WASHINGTON, DC –-(Ammoland.com)-The Bureau of Alcohol, Tobacco, Firearms and Explosives (ATF) has always claimed that it works on a first in/first out model for evaluating industry products for determination letters.
In multiple letters to Congress, the agency also claimed to have a 90-day turnaround time in issuing determination letters. Thanks to a Freedom of Information Act (FOIA) request by Len Savage of Historic Arms LLC, we know that is not true.
Mr. Savage, through his attorney Stephen Stamboulieh, has uncovered evidence that the ATF not only does not meet the 90-day turnaround time for issuing determination letters, but that isn’t even its internal goal. The FOIA request uncovered multiple letters to members of Congress such as former Rep. Mia Love (R-UT), former Rep. Raul R. Labrador (R-ID), former Rep. Bill Dold (R-IL), Former Rep. Devin Nunns (R-CA), and Congressman Bill Posey (R-FL) claiming the 90-day turnaround time for the issuance of determination letters. But in an uncovered PowerPoint presentation by the Firearms & Ammunition Technology Division (FATD) from 2021, the times are listed as six to nine months for industry evaluations.
The time frame given in the PowerPoint is a lot longer than what the Bureau has always told members of Congress. Looking at other FOIA requests for production releases, it seems that the six-to-nine-month time frame might even be an overly optimistic time frame for a lot of submitted industry samples. Also, there is a clear pattern that specific categories of items are intentionally processed slower by FATD.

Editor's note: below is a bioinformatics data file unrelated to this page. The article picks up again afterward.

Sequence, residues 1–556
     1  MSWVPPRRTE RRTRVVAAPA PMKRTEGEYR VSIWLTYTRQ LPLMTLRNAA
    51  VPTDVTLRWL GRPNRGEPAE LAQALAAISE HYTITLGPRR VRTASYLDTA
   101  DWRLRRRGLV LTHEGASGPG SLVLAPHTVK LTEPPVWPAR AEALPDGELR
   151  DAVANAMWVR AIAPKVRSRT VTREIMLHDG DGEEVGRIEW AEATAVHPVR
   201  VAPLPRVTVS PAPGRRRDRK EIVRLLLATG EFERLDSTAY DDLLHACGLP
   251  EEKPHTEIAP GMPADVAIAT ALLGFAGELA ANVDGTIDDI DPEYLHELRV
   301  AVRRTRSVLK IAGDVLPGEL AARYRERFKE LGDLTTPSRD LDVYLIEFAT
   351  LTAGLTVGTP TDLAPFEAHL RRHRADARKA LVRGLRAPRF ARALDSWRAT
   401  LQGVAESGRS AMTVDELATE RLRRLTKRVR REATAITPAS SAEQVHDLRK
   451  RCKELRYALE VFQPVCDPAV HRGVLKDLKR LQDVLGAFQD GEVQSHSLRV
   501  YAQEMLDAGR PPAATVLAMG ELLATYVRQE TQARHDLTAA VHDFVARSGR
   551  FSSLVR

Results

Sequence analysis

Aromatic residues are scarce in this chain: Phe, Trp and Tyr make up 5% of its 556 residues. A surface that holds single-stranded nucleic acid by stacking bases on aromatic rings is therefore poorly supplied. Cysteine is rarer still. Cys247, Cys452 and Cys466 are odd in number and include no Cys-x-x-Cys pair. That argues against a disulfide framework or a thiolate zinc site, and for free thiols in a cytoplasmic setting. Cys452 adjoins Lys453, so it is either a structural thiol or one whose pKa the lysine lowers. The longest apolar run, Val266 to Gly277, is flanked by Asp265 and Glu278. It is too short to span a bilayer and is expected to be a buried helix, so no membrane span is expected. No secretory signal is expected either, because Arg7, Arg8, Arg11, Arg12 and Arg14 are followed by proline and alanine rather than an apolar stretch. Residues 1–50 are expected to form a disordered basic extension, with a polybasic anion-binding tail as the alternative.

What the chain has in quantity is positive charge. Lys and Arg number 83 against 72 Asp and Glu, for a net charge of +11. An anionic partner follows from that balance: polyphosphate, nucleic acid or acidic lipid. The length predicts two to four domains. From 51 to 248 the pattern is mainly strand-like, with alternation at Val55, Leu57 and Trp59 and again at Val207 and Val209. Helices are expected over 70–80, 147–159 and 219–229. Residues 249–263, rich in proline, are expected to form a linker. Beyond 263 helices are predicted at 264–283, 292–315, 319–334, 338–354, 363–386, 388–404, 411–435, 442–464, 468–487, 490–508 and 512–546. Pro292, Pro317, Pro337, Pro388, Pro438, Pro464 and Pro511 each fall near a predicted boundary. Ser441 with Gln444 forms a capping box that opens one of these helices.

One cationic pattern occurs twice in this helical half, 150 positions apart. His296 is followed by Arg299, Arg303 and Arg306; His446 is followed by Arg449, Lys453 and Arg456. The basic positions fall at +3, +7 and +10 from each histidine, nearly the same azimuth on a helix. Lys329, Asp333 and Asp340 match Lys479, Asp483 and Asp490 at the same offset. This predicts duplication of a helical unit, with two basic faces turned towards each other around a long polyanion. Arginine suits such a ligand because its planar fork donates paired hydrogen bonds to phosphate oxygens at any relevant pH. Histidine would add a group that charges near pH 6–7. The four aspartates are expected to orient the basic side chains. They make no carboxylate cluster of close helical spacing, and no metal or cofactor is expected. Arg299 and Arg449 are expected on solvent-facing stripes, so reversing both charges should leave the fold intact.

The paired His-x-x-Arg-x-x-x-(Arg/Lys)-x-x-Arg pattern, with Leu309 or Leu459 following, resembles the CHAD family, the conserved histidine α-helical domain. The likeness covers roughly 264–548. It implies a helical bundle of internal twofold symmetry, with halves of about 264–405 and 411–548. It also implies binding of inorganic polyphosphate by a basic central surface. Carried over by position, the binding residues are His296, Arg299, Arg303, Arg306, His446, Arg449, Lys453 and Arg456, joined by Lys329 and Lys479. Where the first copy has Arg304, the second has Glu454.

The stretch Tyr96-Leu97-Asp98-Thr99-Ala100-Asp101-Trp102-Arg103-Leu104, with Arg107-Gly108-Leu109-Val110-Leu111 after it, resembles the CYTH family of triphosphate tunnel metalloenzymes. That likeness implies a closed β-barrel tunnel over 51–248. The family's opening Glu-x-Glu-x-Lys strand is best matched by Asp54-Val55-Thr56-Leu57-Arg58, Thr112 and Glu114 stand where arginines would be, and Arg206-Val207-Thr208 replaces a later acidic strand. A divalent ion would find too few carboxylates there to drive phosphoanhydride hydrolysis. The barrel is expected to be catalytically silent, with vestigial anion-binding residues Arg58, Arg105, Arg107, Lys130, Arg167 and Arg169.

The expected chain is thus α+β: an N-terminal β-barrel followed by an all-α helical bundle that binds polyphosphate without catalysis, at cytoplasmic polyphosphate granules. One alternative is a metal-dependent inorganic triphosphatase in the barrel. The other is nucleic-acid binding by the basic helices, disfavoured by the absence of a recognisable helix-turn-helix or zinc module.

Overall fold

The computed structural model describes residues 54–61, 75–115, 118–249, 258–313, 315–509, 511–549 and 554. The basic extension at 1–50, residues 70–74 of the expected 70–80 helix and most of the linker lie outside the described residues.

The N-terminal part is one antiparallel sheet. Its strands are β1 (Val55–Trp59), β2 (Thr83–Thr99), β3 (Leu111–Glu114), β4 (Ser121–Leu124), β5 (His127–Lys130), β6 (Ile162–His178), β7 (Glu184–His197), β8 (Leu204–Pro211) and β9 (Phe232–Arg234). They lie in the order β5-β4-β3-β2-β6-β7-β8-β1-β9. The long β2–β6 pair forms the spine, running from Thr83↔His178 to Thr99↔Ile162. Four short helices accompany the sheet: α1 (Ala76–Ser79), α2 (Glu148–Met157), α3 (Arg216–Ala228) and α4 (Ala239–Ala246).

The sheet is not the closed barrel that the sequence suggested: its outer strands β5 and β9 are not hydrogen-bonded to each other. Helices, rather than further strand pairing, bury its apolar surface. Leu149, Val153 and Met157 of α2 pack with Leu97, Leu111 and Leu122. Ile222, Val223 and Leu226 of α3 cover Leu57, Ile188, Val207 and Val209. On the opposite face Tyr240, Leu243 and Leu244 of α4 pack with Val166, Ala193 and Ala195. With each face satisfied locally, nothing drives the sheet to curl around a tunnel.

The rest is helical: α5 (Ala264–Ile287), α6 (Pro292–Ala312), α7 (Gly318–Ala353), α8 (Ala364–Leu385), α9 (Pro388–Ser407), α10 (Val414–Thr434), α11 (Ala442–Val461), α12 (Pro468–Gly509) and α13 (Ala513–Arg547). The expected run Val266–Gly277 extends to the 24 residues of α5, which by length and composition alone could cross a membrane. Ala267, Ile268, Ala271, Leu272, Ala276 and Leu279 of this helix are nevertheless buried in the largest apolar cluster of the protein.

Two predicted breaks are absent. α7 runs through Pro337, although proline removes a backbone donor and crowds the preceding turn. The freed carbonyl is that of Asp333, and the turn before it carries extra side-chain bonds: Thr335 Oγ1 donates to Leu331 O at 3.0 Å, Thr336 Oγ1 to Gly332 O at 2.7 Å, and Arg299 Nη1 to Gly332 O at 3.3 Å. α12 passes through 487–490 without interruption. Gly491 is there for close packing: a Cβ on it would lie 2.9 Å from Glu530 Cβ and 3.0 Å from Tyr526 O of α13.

The ATF claims that it works on a first in/first out model, but AmmoLand News has also obtained evidence from Mr. Stamboulieh that the first-in/first-out method isn’t the method that the Bureau uses when evaluating industry products. A definite pattern is formed by reviewing the FOIA requesting all submissions to FATD older than 15 months. Almost all outstanding determination letters are either for pistol stabilizing devices or unfinished pistol frames and receivers.
Since these items are a small minority of what FATD evaluates, one would expect to see relatively few of these products being held for more than 15 months for evaluation if the ATF genuinely evaluates items in a first-in/first-out system. It is more likely that the federal government is intentionally holding these items while evaluating other less controversial products first.
Jordan Vinroe, JSD Supply President, does not think the ATF uses a first-in/first-out method. JSD Supply is one of the largest sellers of unfinished frames and receivers in the country. The company has submitted multiple items simultaneously to FATD for evaluation to get a determination letter. The products that are more difficult to finish seem to get approved, while the things intended for the entry-level builder are stalled in the process. JSD Supply is just one of the companies in the home builder space that has items that have been with FATD for over 15 months
“It is a ban without making it a ban,” Vinroe told AmmoLand News, “Bureaucrats are injecting their personal opinions and views into the evaluation process. This is causing a strain on commerce. It is more proof that there is secret rule making.”
AmmoLand News reached out to the ATF for comment but has not received a response at the time of publishing.
About John Crump
John is a NRA instructor and a constitutional activist. John has written about firearms, interviewed people of all walks of life, and on the Constitution. John lives in Northern Virginia with his wife and sons and can be followed on Twitter at @crumpyss, or at www.crumpy.com.